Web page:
Today, Taylor and Shelby are discussing Sword of Sorcery 8, originally released May 15th, 2013.
Taylor: It’s hard to believe, but we haven’t been able to buy Surge — that neon green, sugar-saturated soft drink — for thirteen years now. For whatever reason, I remember Surge being incredibly popular with my peers in primary school. The reasons for this really evade me at the moment. It wasn’t all that great or different from other soft drinks and it certainly didn’t offer any benefits aside from its taste. I don’t remember the ad campaign for Surge but I’m guessing that it must have had something to do with everyone’s fondness for the slimy soda. I seem to remember that everyone thought it was so chock-full of sugar it would drive a sane student nuts. If we wanted to stay up late or feel energized my friends and I would gulp down the snot-colored soda and pretend we instantly felt the effects. So that was Surge, and now it is gone. Even though I only liked it as a kid I still have fond memories of that stuff. Similarly, even though Sword of Sorcery is going the way of Surge and leaving shelves indefinitely, I’ll always look back on it with cheerful glee, glad that existed even for a short time.
Today, Taylor and Patrick are discussing Sword of Sorcery 3, originally released December 19th, 2012.
Taylor: It’s the end of the year and even though Christmas has yet to happen, we are beginning to see the obligatory end of the year lists that have become a staple of most review sites. On the one hand, I find these lists to be particularly useful and interesting when I’m trying to scout out all of the media I shouldn’t have missed in the past year. On the other hand, these lists can be quite arbitrary when you consider that measuring cultural themes by a mostly pointless time span is not a valid means of assessing something’s cultural capital. Whatever your feelings are on these lists it can’t be denied that they cause us to pause and reconsider a period of time in our lives that is quickly coming to an end. It also causes us to consider where we are going in the future and all that we hope will happen. These themes of change, beginnings and endings pervade the fourth issue of Sword of Sorcery and have us wondering, just what will become of this series in the new year.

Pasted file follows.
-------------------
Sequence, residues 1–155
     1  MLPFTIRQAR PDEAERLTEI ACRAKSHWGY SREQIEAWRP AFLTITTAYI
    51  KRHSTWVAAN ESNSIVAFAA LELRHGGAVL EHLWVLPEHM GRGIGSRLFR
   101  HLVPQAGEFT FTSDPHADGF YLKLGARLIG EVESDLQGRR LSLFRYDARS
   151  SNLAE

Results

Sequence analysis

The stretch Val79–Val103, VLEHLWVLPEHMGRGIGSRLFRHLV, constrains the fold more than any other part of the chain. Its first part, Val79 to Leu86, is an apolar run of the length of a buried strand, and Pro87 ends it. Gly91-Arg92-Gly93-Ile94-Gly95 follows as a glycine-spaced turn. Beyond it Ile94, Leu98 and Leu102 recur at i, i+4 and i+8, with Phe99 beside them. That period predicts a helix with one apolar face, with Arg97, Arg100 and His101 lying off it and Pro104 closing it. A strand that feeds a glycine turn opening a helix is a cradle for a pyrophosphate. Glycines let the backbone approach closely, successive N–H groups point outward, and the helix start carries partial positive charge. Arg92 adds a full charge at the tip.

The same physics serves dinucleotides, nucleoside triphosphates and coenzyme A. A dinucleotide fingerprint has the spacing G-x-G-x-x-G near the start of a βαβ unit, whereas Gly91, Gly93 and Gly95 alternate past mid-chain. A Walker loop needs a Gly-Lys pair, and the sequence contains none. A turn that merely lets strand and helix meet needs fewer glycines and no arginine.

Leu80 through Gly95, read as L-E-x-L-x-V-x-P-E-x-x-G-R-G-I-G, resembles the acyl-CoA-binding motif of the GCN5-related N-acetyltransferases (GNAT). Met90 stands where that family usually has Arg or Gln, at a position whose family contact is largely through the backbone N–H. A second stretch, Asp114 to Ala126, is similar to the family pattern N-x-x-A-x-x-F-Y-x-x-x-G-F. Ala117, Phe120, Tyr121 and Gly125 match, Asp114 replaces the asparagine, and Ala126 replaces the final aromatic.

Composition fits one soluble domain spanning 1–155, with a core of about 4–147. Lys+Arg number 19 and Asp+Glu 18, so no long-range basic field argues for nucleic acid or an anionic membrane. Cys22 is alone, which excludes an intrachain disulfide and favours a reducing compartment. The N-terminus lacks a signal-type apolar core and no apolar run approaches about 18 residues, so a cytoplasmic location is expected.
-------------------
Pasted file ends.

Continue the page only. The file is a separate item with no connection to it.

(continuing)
Today, Shelby and Taylor are discussing Sword of Sorcery 2, originally released November 21st, 2012.
Shelby: Who doesn’t love political intrigue? I’m not talking about the presidential campaign nonsense we recently had to put up with, I mean the old school machinations that only a royal family could conceive of. When power is passed through bloodlines (literal magical powers divied up among the relatives), manipulating those bloodlines and relations suddenly becomes crucial to keeping a position of authority. Things are about to get complicated, so I’m going to try to map this out as best I can.
Today, Shelby and Taylor are discussing Sword of Sorcery 1, originally released October 17th, 2012.
Shelby: It seems a common element of fantasy is the quest for power. You’ve got multiple countries, or cities, or houses, or whatever, all scrambling for as much power as they can get. In Dune, the power comes from control of the geriatric spice melange. In Game of Thrones, the power is in owning land and controlling trade. Amethyst seems a little different: the power is in your blood, is literally passed from generation to generation. This isn’t a power that can be bartered for, or distributed through a treaty; there appears to be one way to obtain more power in Gemworld, and it is a bloody one.
Zero month saw the launch of several new titles, including the fantasy-infused Sword of Sorcery. As soon as the issue was released, the return of Amethyst: Princess of Gemworld was overshadowed by controversy surrounding a scene of an attempted rape. Reactions ranged from outrage and disappointment to outrage and disappointment over said outrage and disappointment. The only thing that could really be said about the reactions is that everybody had one. Not to be left out of the dialogue, the Retcon Punchers have their own thoughts on the issue. Welcome to the Chat Cave.
Drew: The charge against this issue is largely lead by Chris Sims of Comic Alliance. Sims’ objection basically boils down to two key points: 1) that rape as an overused trope writers use to darken comics needlessly, and 2) that it’s particularly inappropriate in a kid-friendly title. This blogger does a pretty good job of rebutting Sims first point, so I’ll just add that while rape can be misused as a narrative bludgeon — as can death, love, war, hate, or pretty much anything else that makes stories compelling — it doesn’t mean it should be off-limits. Whether or not it was used inappropriately should be determined on a case-by-case basis, so its perceived overuse shouldn’t enter into the conversation at all. Continue reading →
Today, Shelby and (guest writer) Selene Gill are discussing Sword of Sorcery 0, originally released September 19, 2012. Sword of Sorcery 0 is part of the line-wide Zero Month.
Shelby: We take comic books pretty seriously here at Retcon Punch. We firmly believe in applying our liberal arts educations to the medium and offering up intelligent and thought-provoking discourse. We recognize that comic books are both a form of literature AND art, and we want to do everything in our power to take that critical eye we honed in Freshman Studies and apply it to the issues in front of us. But, we also know that there is nothing wrong with reading something that’s a fun bit of fluff; sometimes you just want to be entertained. It’s only the first issue, but I suspect that Sword of Sorcery might turn out to be that fluffy bit of nothing, and I think I like it.